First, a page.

Monday, September 3, 2007


During the last several weeks my thoughts have been stimulated, along a particular thread, by brothers Dave Black, Alan Knox, Steve Sensenig, Lew, et al. I’ve come to love these fellows through their writings, not just because they and I seem to be on the same page, sharing the same concerns, but because I sense they share my love for the Lord Jesus Christ and His people, the Church He promised to build. Accompanying that sense is that of a common distrust of what “the church” has become. I am so grateful to God for allowing me the privilege of interacting with such brethren.

Their blogs, and indeed, some of the responses to their writing, has often caused me to come to a point where I feel compelled to commit them to writing. That is true of this attempt.

In response to one who commented on his blog entitled “Ransome letter Theology…", Alan responded, “…. . to be completely honest, I don't care about the "system". I do care about people whether they are part of a system or not. I am concerned about these things because it teaches people how to rely on the system instead of teaching them how to rely on God.”

Dave Black has written an article which he titled “A Twenty-first Century Church”, and makes the statement, “Power cannot last if we do not worship it.” As he finishes his article he makes the provocative statement, “The fight of faith to which we are committed is not a battle against Christianity. It is a battle to free Christianity from the shackles of Christendom, to smash our idols, and to establish a church that is once again characterized by poverty of spirit”.

In a blog entry entitled "How (Not) to Judge Someone’s Orthodoxy", Steve, quite correctly refers to, what appears to be, a common attitude amongst those who believe they are the sole owners of orthodoxy, when making a judgment regarding the state of the soul of another, “Don’t give your brother any benefit of the doubt. Give them, rather, a theological quiz, and grade it based on your own inerrant, infallible, and complete knowledge of the truth.” His post entitled "WCF and Its View of Scripture", as well as some of the comments, also illustrates the issue.

Lew has been posing some questions, such as one about tithes and offerings, which are often used to make an assessment of one’s spiritual standing within “orthodoxy”.

These brethren are not alone in their concerns about what is happening around us, and their comments illustrate very clearly a growing concern that has been gnawing at me for years, but which, I must confess, I didn’t want to entertain.

Even though we can find a wide variety of thought on what Christians call “orthodoxy”, I am convinced that our particular “orthodoxy”, whether it is old “orthodoxy” or the new “orthodoxy” equates, in the minds of many leaders and members, with power, control, an assumption of having God in the team “because we are orthodox”, a source of pride “because we are not like those others who don’t believe what we believe”. It gives us a false legitimacy for our schisms, and it keeps the focus on “our church”, “our denomination”, “our emphasis” etc.! The fear of being seen as "unfaithful" prevents many from "jumping ship".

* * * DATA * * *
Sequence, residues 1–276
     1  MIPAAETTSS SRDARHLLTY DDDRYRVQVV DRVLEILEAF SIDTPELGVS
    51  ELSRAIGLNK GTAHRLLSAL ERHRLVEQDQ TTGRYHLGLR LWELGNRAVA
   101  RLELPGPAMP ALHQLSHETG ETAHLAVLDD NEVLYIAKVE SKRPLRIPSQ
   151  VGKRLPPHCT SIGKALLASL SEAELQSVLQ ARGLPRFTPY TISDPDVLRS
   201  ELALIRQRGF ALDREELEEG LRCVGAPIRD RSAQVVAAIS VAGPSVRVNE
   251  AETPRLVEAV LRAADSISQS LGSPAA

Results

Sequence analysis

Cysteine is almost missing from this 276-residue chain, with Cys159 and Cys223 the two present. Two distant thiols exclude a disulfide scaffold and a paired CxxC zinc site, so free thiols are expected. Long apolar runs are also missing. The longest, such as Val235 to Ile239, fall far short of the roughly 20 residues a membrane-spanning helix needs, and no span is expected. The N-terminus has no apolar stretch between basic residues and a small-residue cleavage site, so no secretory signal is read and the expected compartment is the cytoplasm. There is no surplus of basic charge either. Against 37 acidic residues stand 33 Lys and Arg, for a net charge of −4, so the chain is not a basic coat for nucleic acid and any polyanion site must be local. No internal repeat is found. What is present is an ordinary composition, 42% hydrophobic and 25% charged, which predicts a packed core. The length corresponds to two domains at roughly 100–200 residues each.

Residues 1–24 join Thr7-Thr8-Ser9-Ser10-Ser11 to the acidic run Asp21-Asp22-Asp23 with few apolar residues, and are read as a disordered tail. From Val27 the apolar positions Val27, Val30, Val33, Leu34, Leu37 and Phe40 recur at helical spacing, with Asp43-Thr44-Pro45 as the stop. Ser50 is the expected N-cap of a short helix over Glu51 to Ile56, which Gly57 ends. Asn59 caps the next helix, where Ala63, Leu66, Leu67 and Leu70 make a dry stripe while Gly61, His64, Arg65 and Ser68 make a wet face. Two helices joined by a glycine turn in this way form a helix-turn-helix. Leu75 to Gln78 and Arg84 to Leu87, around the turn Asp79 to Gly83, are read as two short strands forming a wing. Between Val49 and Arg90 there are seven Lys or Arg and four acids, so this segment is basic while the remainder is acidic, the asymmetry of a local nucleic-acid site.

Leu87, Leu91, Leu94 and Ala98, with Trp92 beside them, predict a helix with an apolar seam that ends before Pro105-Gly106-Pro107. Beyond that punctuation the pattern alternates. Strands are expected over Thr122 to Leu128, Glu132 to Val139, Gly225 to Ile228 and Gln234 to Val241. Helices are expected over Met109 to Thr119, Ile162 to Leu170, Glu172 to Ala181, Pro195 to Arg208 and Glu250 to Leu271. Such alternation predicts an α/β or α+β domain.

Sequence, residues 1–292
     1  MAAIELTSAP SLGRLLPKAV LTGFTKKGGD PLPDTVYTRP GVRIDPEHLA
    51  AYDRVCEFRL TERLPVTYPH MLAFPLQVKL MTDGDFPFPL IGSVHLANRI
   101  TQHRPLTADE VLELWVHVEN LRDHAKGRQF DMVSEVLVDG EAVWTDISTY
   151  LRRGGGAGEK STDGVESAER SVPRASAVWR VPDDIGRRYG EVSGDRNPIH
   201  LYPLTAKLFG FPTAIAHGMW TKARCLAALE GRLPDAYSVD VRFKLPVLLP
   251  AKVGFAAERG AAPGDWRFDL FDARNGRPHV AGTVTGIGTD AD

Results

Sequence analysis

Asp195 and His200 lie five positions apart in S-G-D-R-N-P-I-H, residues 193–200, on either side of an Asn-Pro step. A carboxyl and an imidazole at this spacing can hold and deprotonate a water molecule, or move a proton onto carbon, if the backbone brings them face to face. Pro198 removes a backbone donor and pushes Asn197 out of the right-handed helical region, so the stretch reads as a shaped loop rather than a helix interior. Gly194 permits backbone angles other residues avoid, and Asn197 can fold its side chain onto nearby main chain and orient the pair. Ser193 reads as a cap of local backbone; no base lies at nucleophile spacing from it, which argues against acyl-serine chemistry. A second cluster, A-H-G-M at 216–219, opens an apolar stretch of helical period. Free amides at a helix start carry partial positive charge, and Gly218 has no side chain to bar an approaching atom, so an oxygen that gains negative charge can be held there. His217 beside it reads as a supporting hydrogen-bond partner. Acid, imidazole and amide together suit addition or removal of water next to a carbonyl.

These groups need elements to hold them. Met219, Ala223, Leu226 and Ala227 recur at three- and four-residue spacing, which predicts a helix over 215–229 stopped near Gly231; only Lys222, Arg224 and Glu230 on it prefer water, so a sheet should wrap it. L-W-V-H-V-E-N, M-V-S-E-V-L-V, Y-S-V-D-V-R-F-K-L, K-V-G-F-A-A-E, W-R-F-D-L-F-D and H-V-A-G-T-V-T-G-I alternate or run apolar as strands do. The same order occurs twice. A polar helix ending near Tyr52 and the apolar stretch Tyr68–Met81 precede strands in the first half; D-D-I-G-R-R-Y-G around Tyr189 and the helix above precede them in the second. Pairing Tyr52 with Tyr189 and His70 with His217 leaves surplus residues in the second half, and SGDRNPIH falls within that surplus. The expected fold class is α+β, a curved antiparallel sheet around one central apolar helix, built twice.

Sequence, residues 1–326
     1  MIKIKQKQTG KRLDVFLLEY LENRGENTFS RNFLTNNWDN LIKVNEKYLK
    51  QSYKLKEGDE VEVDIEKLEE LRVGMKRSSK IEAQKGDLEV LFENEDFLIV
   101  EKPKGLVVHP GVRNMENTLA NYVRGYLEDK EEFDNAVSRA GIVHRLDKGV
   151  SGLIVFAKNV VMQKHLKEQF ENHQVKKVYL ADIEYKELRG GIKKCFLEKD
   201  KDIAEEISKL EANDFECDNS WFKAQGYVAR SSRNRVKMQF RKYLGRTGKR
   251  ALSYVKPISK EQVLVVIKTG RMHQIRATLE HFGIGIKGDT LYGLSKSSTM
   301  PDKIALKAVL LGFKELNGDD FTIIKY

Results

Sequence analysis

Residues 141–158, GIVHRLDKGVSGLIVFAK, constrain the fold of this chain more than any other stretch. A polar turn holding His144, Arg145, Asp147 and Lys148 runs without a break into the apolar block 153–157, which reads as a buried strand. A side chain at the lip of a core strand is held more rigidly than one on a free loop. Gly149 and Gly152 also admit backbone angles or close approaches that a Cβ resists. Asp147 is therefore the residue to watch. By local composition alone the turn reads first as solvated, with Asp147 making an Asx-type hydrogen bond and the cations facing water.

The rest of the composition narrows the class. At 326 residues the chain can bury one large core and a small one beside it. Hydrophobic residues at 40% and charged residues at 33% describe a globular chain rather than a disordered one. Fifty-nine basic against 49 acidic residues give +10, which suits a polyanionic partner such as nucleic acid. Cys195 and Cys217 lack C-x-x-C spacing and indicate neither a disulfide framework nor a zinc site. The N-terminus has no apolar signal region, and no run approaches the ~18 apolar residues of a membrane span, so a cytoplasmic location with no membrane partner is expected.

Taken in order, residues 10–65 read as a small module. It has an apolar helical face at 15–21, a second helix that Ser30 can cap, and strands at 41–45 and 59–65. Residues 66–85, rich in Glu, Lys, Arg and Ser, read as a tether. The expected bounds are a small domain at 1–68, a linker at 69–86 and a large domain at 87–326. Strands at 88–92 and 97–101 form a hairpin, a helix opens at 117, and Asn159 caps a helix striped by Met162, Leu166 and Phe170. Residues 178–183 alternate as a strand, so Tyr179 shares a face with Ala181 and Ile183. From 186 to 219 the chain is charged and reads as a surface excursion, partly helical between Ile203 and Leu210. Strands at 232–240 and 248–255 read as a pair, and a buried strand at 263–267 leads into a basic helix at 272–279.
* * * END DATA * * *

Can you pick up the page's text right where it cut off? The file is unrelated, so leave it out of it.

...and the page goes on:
This is an abomination, which in fact is ANTICHRIST! Take note! I did not write that it is THE antichrist!

This "our church”, “our denomination”, “our emphasis” orthodoxy IS NOT the orthodoxy of the Lord Jesus Christ nor that of the Apostles!

Why do I say that it is antichrist? Simply because it is the criteria of acceptance of others as genuine Christians, and is the focus of local “church” membership.

The particular “orthodoxy” to which a group subscribes promotes a culture of suspicion and enmity towards, and rejection of others who fulfill all the requirements of Scripture regarding becoming, and being a child of God.

Most of us understand the word ‘antichrist’ to mean ‘against Christ’ because of the prefix ‘anti’. That’s quite correct, but, it also means ‘instead of Christ’! More often than not our “orthodoxy” is more important than whether a person is in relationship with the Father through the finished work of His precious Son.

Our “orthodoxy” promotes other antichrist attitudes within the system it produces. Listen to people who belong to “church” groups talking about what Scriptures teach, about moral or ethical issues. Whose name is invoked most often? “Pastor so-and-so says ….”, “such and such author says…”, “our constitution says….”, etc., etc.,etc.

How many times do we hear someone say, “The Lord says….”, or “The Scriptures say….”, or “God’s word says…” in comparison to the above?

Aren’t we in danger of placing “pastor”, an author, our constitution, our denominational distinctives, in a position which is, in fact, instead of Christ?

Is it possible that in our adherence, to a particular doctrinal, denominational, position, or a particular “pastor’s” or author’s teaching, has grown into a religious fervor that has turned our “orthodoxy” into the place where our security rests?

Is your “orthodoxy” really a false god, an ANTICHRIST ?


Alan Knox said...

"AntiChrist" = "instead of Christ"... Jesus said, "You cannot serve two mastors". hmmm... I think you are spot on here John.


David said...

It looks like another good word got turned into a bad one. It's too bad.

Aussie John said...


You are so right. Thanks for the comment.


Thanks for the most gracious comment.

Aussie John

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